Between Chloe Moretz as Hit Girl in Kick-Ass and Saoirse Ronan in Hanna, a new Hollywood trend is dawning: Young girls are totally the new action stars. It's a smart move. Over the last couple of decades, Hollywood has streamlined and refined masculine action stars to the point that they barely look human anymore. We expect them to do insane physical stunts from the moment they walk on-screen, whereas a girl in her early teens performing ridiculous combat moves and committing calculated murder in a split second still manages to confound our expectation. By remaking the action hero into a figure we normally associate with vulnerability, the whole genre feels fresh again. And whereas Moretz was doing a hilarious Clint Eastwood impersonation that was ginned up for the sake of parody, Ronan's Hanna is a logical evolution from Matt Damon's Jason Bourne; she's as serious, and deadly, as a heart attack.
Hanna was raised in the arctic circle by her exiled superspy father (Eric Bana) to be a killing machine, a weapon in his war against an American intelligence agent (Cate Blanchett in an unfortunate, wobbly Southern accent). As the wily Hanna travels around Morocco and Europe, she murders enough anonymous government agents to fill a school bus, even though she's never seen electric lights before. Ronan outacts every adult in the film; her Hanna is brutal and sly and innocent and lonely and brave and scared, all at the same time.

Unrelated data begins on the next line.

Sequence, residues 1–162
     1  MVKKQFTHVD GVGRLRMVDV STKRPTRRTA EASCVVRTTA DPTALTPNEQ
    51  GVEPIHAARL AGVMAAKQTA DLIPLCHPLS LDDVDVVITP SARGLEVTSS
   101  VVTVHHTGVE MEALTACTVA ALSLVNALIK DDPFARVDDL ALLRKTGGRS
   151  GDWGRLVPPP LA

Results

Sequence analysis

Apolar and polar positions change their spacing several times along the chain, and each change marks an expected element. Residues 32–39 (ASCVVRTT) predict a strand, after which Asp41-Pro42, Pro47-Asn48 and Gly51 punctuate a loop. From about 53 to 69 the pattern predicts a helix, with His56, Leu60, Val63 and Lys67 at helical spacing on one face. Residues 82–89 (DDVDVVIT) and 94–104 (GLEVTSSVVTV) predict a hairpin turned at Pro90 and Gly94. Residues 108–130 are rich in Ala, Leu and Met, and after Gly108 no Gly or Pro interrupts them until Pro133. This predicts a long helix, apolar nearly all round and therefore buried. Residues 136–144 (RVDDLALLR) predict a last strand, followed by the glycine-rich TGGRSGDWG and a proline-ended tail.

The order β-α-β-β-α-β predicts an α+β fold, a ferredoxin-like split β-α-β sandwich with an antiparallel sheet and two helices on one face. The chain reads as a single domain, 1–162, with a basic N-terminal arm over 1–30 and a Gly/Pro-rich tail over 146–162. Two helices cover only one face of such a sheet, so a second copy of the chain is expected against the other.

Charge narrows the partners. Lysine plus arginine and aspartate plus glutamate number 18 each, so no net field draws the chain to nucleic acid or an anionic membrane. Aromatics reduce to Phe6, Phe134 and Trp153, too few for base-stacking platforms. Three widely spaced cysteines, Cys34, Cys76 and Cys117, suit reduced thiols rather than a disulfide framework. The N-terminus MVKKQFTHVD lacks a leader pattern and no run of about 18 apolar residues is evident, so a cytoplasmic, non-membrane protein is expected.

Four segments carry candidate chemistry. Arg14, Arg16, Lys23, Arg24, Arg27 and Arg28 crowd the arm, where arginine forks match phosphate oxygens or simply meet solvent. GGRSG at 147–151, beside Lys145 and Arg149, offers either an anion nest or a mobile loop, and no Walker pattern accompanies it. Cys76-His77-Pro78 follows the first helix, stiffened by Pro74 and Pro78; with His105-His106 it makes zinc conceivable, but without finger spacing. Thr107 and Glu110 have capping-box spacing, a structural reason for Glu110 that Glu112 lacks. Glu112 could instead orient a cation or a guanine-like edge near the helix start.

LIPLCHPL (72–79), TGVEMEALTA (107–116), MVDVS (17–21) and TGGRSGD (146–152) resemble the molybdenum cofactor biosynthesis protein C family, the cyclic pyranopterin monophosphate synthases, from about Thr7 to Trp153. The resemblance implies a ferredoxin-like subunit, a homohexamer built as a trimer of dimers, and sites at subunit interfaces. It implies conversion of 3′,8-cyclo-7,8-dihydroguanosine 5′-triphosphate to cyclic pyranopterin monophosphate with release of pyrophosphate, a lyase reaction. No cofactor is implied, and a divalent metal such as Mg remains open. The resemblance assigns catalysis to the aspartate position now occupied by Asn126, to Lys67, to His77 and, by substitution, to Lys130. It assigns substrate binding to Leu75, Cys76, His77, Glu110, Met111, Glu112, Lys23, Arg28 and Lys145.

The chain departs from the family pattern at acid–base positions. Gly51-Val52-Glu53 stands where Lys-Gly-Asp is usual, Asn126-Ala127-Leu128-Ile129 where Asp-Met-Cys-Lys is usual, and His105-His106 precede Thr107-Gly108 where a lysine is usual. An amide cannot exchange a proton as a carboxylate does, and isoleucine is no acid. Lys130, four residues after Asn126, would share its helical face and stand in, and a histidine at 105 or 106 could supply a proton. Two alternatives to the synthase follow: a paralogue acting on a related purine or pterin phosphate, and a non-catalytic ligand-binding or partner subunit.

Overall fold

Luckily, Ronan's performance is matched by vigorous and inventive direction. Nowhere on Joe Wright's directorial résumé—The Soloist, Atonement—was there a clue that he could be this gifted at directing an action film. He understands we've seen the painstakingly choreographed fights a billion times before, so he gives us expressionistic action that makes the audience complicit in Hanna's battles; while we do get to see her in action, we're often asked to intuit the sequence of events from clues that Wright provides us. He cleans off all the familiar tools (the tracking shot, the shaky cam) and reenergizes an entire genre.
Hanna gets bogged down in fairy-tale imagery (if you've seen the trailer, you already saw the shot that features Blanchett walking out of the mouth of a tunnel shaped like the Big Bad Wolf; it's no less subtle when placed in context) when a little restraint would have been ideal. But that's a forgivable sin. Even the moments of heavy-handed symbolism feel spirited in the company of the exciting Chemical Brothers soundtrack. Nothing in Hanna is lazy or dumb; when compared to the last 10 years' worth of action films, it feels like a goddamn revolution.